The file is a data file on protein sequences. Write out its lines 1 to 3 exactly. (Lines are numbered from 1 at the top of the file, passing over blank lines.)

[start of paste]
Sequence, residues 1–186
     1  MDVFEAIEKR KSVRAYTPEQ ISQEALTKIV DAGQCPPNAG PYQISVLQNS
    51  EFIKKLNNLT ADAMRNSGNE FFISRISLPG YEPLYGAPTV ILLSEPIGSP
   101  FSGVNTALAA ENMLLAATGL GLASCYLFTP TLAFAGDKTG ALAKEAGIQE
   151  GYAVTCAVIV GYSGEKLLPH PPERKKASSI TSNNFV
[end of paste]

Sequence, residues 1–186
     1  MDVFEAIEKR KSVRAYTPEQ ISQEALTKIV DAGQCPPNAG PYQISVLQNS
    51  EFIKKLNNLT ADAMRNSGNE FFISRISLPG YEPLYGAPTV ILLSEPIGSP